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US state ruling could set precedent on modified apps

A judge's refusal to order the state of Wisconsin to refund $500,000 (£271,000) in sales tax paid by the company on a customised SAP roll out may set a precedent that relieves the state from paying out more than a $250m in refunds to software users.

The short term issue is a $500,000 sales tax refund sought by pulp and paper manufacturer Menasha. The company's 1995 installation of SAP's R/3 enterprise resource planning application cost $23m, of which $5m was for a licence for the software. 

The rest of the money was spent on modifications and implementation, according to court documents issued by Judge Steven Ebert. 

After Menasha paid sales tax of $342,614 on the implementation to the state's Department of Revenue (DOR), the company tried to recover the money by petitioning the state tax appeals commission.

In its request, Menasha argued that the modifications it made to R/3 qualified it as a custom-written application. In Wisconsin, custom-written applications are tax-exempt; regular third-party software is not. 

Although the appeals commission agreed with Menasha, Ebert overturned that decision, ruling among other things that R/3 "was existing and prewritten" when SAP sold it to Menasha. 

For its part, the DOR "is pleased with the decision", said spokeswoman Eva Robelia. "It upholds our prior actions." 

She explained that had Menasha won, a precedent would have been set allowing other companies that paid sales tax on modified third-party applications to file similar appeals. If those appeals were successful, the state would have had to pay back an estimated $300m in taxes and interest.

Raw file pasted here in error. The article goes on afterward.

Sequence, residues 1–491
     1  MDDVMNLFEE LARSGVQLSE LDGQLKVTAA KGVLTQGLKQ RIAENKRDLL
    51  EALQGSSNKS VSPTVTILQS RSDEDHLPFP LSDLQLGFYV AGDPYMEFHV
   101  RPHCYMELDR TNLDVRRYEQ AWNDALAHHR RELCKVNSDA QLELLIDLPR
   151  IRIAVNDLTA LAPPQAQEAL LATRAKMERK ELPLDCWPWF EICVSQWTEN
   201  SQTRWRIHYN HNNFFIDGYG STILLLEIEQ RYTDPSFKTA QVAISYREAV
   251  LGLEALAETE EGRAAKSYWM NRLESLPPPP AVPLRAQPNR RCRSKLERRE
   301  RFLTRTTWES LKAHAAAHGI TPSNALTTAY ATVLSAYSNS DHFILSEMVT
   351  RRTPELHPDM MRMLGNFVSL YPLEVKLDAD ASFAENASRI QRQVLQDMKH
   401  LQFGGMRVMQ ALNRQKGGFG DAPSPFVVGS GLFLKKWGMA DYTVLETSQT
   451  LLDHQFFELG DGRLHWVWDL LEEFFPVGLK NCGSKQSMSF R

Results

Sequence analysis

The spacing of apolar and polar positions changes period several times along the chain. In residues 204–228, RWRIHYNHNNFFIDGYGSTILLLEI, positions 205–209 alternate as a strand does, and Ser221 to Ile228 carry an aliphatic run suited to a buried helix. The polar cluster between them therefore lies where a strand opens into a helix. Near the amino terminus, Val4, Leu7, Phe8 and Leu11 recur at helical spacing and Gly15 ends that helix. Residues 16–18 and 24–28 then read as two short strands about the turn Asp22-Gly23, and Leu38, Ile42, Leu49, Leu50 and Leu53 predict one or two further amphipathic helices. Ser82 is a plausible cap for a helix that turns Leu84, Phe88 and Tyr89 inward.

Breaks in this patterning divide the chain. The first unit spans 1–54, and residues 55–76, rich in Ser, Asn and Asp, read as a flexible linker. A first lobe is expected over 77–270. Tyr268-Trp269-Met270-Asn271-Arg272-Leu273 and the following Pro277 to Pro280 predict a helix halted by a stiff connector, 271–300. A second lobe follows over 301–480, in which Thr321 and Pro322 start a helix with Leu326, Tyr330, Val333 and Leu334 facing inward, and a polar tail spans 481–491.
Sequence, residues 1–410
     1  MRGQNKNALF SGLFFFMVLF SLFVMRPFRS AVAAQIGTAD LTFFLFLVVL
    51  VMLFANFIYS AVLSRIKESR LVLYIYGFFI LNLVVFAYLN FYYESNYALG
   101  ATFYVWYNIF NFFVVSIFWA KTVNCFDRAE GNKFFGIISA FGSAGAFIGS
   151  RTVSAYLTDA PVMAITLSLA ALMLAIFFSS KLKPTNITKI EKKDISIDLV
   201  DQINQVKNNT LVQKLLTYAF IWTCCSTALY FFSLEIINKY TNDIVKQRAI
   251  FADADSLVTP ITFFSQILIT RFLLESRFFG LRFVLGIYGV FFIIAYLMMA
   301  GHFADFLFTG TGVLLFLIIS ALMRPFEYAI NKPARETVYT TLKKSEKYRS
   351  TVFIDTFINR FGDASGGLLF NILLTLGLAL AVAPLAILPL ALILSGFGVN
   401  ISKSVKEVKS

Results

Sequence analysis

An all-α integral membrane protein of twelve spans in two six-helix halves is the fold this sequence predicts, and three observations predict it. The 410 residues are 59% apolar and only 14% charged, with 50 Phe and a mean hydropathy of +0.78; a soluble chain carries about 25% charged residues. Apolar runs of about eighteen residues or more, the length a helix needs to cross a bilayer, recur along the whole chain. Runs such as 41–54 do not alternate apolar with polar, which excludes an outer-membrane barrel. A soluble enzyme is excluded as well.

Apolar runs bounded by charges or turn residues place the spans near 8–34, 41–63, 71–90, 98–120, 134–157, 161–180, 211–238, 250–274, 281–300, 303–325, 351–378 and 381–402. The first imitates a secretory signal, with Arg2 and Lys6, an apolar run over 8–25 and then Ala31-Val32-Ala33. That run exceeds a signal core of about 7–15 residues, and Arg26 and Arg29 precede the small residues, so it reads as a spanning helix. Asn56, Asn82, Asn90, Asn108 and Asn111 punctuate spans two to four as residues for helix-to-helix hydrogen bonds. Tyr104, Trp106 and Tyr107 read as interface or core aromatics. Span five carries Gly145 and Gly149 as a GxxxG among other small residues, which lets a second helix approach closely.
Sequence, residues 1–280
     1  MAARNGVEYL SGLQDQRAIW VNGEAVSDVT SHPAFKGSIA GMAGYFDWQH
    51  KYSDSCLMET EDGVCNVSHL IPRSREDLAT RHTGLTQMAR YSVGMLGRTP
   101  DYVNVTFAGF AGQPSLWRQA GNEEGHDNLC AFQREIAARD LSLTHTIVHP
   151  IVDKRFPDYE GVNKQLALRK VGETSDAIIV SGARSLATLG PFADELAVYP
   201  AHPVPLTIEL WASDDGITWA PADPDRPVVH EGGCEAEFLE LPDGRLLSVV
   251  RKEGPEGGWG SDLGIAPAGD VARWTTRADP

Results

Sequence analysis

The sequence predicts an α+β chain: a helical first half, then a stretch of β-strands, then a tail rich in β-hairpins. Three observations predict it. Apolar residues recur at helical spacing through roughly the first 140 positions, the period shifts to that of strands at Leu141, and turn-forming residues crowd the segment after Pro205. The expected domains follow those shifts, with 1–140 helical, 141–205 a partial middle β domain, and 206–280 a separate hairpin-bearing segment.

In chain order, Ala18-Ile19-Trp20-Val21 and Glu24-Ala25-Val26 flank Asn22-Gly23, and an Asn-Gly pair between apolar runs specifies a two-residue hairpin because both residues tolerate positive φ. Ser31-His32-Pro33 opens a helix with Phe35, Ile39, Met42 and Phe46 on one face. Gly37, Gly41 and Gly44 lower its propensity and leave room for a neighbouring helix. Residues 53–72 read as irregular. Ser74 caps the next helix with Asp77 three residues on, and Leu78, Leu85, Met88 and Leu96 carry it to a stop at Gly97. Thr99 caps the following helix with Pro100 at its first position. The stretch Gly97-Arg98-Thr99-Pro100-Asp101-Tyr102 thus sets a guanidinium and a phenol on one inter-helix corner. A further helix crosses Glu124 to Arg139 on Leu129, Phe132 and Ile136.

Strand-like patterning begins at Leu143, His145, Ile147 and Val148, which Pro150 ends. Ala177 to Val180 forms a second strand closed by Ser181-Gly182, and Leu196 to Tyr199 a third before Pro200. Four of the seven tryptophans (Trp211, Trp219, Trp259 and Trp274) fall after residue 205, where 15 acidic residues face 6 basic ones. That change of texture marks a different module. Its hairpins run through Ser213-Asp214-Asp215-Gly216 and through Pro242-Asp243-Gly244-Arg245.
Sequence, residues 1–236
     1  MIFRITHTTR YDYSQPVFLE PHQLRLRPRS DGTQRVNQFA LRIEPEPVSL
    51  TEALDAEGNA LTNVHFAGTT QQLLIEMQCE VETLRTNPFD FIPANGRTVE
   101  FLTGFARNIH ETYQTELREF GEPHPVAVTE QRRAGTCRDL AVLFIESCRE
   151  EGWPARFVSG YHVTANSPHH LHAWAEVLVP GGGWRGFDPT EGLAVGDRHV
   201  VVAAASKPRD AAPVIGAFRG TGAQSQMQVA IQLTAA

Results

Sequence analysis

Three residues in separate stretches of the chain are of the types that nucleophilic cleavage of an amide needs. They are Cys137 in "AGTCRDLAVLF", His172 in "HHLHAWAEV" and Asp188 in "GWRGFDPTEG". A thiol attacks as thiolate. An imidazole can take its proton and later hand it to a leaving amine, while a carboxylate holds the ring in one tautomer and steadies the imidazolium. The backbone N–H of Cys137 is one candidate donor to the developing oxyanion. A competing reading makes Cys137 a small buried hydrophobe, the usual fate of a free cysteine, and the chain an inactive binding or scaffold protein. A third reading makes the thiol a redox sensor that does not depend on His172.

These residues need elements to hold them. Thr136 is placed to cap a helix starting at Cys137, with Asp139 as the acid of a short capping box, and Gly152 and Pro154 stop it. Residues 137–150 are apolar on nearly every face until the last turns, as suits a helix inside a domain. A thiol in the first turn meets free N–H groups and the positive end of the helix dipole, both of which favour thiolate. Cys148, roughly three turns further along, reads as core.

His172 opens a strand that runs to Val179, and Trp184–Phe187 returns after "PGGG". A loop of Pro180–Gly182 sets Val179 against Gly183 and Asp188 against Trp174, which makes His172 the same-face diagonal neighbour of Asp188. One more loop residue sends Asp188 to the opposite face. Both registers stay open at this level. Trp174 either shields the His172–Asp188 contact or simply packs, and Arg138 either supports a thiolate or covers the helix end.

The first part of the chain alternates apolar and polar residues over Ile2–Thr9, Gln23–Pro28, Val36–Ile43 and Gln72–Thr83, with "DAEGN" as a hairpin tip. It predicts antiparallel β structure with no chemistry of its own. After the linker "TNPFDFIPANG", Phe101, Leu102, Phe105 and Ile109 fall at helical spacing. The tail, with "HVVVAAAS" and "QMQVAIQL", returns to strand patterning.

"Wisconsin has taken the position that all software is off the shelf unless it's written from scratch, which no one does anymore," said Leonard Sosnowski, an attorney at law firm Foley & Lardner, which represents the company.

The larger issue, he said, is that not only is the modified software itself taxable, but so are the services required to fix or reprogram it during the implementation. 

Sosnowski also said the case could be used as a precedent in other states. 

Andrew Nelson, another lawyer at the firm, viewed the case as important because the judge's definition of modified software could make the services around implementing it also taxable. That, he said, might push some companies to move their IT operations to states with more favourable tax laws. 

Explaining his ruling, Ebert said R/3 always requires substantial modification to adapt the system to a given customer's specifications. In this case, at SAP's recommendation, Menasha hired consultancy Deloitte & Touche to help it make the changes it needed.

The implementation team, which included SAP and Deloitte employees, used the R/3 tool kit, Development Workbench, to customise SAP's proprietary Advanced Business Application Programming code to fit Menasha's specific requirements. 

In total, the installation required 3,000 modifications, for which Menasha shelled out $2.5m to SAP, $13m to Deloitte and $775,000 to other outside consultants. 

Even so, wrote Ebert, "the court sees no reason why software that provides the building blocks upon which modifications specific to the particular purchaser are made should not be deemed prewritten software".

Given the fact that SAP made only minor modifications to R/3 in this case, the application cannot be deemed as having been custom-written, he added.

Marc L. Songini writes for Computerworld


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